Though it has not received much attention compared with many other Hitchcock films, "Torn Curtain" is among his best and should be savored by all. Even though political conditions have flip flopped since 1966 and there is no longer a communist East Germany, this Cold War delicacy is worth a bite. Oh, and watch the somewhat hidden ironic humor at the beginning where there's a room full of top scientists during the Cold War and the heat doesn't work.
* Director Cameo: [Alfred Hitchcock] early in the film sitting in a hotel lobby with a baby on his knee.
* The scene where Gromek is killed was written to show how difficult it really can be to kill a man.
* Keith Waterhouse and Willis Hall did extensive (uncredited) rewrites on the script.
* 'Herrmann, Bernard' wrote the original score, but Universal Pictures executives convinced Hitchcock that they needed a more upbeat score. Hitchcock and Herrmann had a major disagreement, the score was dropped and they never worked together again.
* The Swedish actor Jan Malmsjö (who had a small uncredited role as photographer in the final scenes in Helsingborg harbour and customs) found that a lot of signs were not written in correct Swedish so he helped the film crew to correct them.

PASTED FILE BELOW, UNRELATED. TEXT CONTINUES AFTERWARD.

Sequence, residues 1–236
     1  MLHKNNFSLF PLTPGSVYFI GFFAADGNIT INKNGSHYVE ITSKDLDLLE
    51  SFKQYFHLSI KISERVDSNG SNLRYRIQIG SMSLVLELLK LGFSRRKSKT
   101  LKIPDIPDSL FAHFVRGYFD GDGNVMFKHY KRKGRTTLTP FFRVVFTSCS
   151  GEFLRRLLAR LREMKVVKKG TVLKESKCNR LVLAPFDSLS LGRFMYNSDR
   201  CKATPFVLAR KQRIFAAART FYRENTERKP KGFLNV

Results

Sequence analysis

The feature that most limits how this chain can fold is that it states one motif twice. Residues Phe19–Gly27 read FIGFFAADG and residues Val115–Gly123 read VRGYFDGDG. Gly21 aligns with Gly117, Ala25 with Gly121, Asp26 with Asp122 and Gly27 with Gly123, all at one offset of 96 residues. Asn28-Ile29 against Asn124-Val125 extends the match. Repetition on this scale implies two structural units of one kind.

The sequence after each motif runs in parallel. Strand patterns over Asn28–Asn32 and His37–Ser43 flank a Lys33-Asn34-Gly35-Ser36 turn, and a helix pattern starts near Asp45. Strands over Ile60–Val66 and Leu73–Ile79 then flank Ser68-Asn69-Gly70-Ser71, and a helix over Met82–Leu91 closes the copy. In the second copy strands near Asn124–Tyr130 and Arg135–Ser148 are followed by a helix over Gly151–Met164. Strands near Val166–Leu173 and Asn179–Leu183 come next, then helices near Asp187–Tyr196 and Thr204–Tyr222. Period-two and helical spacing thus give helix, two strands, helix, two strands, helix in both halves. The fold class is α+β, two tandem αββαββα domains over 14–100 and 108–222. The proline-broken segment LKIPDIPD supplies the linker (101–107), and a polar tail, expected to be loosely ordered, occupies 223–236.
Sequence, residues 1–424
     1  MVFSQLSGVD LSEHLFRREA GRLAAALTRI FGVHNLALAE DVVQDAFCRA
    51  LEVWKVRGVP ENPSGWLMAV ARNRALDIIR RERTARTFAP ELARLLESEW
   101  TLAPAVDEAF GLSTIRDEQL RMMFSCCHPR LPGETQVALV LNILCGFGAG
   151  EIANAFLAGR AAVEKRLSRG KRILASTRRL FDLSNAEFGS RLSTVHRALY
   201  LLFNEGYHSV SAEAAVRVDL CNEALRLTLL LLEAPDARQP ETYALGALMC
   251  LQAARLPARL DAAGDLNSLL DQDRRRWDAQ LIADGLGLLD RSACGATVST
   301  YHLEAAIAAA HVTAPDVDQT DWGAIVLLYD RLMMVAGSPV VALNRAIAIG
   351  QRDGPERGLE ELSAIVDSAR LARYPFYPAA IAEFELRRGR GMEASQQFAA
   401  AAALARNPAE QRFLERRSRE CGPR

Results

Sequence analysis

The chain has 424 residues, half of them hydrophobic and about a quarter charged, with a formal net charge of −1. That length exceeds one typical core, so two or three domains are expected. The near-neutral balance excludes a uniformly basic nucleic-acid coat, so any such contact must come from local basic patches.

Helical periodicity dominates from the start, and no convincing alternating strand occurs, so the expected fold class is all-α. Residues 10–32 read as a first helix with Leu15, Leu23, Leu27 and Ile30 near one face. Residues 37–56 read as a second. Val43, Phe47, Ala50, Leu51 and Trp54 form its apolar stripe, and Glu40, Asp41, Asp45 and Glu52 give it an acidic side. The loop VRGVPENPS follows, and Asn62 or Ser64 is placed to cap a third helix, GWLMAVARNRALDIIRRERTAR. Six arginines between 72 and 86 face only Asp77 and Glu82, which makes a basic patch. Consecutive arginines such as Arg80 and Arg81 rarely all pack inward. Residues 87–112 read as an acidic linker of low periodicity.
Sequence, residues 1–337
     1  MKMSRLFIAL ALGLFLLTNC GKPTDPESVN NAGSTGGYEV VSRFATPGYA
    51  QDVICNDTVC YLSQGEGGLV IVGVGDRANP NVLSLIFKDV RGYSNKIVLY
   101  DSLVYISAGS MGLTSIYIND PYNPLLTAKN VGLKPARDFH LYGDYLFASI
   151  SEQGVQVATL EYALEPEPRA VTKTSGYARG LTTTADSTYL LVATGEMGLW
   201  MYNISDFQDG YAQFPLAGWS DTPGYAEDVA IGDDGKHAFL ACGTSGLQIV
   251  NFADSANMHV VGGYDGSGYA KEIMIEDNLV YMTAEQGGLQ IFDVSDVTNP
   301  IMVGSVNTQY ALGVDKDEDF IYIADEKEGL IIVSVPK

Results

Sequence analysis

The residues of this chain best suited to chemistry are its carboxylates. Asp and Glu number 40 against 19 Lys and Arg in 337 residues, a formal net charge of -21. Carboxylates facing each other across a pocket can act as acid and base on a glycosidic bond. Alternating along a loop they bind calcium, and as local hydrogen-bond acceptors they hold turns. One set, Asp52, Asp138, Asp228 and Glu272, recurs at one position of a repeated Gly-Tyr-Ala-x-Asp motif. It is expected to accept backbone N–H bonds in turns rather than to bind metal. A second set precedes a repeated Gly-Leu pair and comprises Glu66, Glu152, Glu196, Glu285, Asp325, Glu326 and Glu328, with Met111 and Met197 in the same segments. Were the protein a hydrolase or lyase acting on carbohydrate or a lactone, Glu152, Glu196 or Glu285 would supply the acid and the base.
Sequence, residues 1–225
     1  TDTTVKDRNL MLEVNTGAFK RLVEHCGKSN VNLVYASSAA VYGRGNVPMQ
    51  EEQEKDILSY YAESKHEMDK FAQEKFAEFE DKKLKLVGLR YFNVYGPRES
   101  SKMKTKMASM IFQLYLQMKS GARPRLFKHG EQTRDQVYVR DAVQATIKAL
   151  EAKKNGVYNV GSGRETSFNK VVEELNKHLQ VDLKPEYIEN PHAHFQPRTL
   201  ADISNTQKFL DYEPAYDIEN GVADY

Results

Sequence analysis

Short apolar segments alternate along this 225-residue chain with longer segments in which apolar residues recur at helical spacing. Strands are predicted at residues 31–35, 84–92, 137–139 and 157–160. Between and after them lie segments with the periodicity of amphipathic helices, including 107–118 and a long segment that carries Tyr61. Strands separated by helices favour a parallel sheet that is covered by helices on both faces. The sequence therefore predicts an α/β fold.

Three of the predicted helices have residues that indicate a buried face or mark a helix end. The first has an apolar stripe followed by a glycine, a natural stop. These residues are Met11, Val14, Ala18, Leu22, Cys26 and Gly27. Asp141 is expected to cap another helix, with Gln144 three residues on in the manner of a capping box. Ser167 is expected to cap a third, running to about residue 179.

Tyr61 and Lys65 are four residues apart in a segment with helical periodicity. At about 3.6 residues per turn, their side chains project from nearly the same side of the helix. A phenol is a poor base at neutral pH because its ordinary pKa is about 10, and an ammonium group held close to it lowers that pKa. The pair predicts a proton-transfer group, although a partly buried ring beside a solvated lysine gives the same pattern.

* In the shot in which Alfred Hitchcock's cameo occurs, the music briefly changes to "Funeral March of a Marionette" by Charles Gounod, which is best known as the main theme for "Alfred Hitchcock Presents" (1955).
* In the Book "Its only a movie", Hitchcock said like this about Torn Curtain's ending - "THERE WAS AN ENDING written for Torn Curtain", Hitchcock said "which wasn't used , but I rather liked it. No one agreed with me except my colleague at home (Alma). Everyone told me that you couldn't have a letdown ending after all that. "Newman would have thrown the formula away. After what he has gone through, after everything we have endured with him, he just tosses it. It speaks to the futility of all, and its in keeping with the kind of naivete of the character, who is no professional spy and who will certainly retire from that nefarious business."
* According to the Book "Its only a movie", Brian Moore was chosen to write the screenplay, but shooting began before Hitchcock was satisfied with the script, dictated by the limited availability of Julie Andrews.
* Hitchcock wanted to cast Eva Marie Saint for the leading female role. But the studio forced him to cast Julie Andrews.
* According to the book "Hitch: The Life and Times of Alfred Hitchcock", Hitchcock was unsatisfied with Brian Moore's Screenplay. So Hitchcock brought in Keith Waterhouse and Willis Hall to do a rewrite job on it. Their contribution to the Screenplay was considerable enough for Hitchcock to feel strongly that they should receive screen credit. But Brian Moore disputed this, and an adjudication by the Screenwriters Guild gave him sole credit, to Hitchcock's irritation.
* Was reportedly one of Alfred Hitchcock's most unhappy directing jobs.
*SPOILER: A scene showing actor Wolfgang Kieling, who played Gromek, also playing Gromek's brother was cut. In it he shows Michael Armstrong (Paul Newman), who has just killed Gromek, a picture of Gromek's three children. It was believed that this would have shifted the audience's sympathy away from Newman to the dead man. Unfortunately, a close-up of the brother cutting a sausage with a knife similar to the one used in the murder, a characteristically Hitchcockian shot, was also lost.